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From Toke Eskildsen ...@statsbiblioteket.dk>
Subject Re: Why Two Levels of Indirection in BytesRefHash class ?
Date Sun, 11 Dec 2016 12:04:58 GMT
Adrien Grand <jpountz@gmail.com> wrote:
> That would work if you are only interested in using BytesRefHash as a hash
> set for byte[]. However these incremental ids are useful if you want to
> associate data with each byte[]: you can create parallel arrays and use the
> ids returned by the BytesRefHash as indices in these arrays.

That could be solved by prepending the stored BytesRef with the counter value, then using
a fixed +4 delta to the offset to get the BytesRef. Same space requirements as now, but with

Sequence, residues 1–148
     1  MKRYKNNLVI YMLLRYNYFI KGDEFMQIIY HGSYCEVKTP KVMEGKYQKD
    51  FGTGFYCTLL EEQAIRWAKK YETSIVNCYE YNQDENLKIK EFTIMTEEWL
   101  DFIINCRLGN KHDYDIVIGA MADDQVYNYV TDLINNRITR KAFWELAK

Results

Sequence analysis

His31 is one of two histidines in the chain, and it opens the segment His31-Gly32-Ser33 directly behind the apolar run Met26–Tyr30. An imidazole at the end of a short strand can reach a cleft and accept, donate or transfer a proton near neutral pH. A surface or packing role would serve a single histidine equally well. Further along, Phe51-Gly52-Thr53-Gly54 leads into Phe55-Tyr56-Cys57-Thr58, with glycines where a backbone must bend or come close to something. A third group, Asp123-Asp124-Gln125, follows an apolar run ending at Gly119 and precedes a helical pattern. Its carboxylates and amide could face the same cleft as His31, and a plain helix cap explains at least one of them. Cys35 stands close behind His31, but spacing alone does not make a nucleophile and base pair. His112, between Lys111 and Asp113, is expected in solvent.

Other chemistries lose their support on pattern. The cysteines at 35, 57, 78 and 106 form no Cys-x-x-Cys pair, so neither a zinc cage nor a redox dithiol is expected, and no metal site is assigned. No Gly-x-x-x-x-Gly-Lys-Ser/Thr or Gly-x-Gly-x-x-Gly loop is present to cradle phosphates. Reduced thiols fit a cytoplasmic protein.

one less level of indirection meaning less CPU-cache invalidation.

However, this removes the nice property of providing insertion-order iterability of the DocValues
in the structure, so it would be quite a change to current code.


One optimization, while we are on the subject, is to exploit the indirection. As the bytesStarts
are monotonic incremental offsets in the ByteBlockPool, there is no need to store the length
of the BytesRefs. They can be calculated with bytesStarts[id+1] - bytesStarts[id]. This saves
1-2 bytes per entry and upholds memory locality, so it should have the same performance as
now (needs to be tested of course).

- Toke Eskildsen

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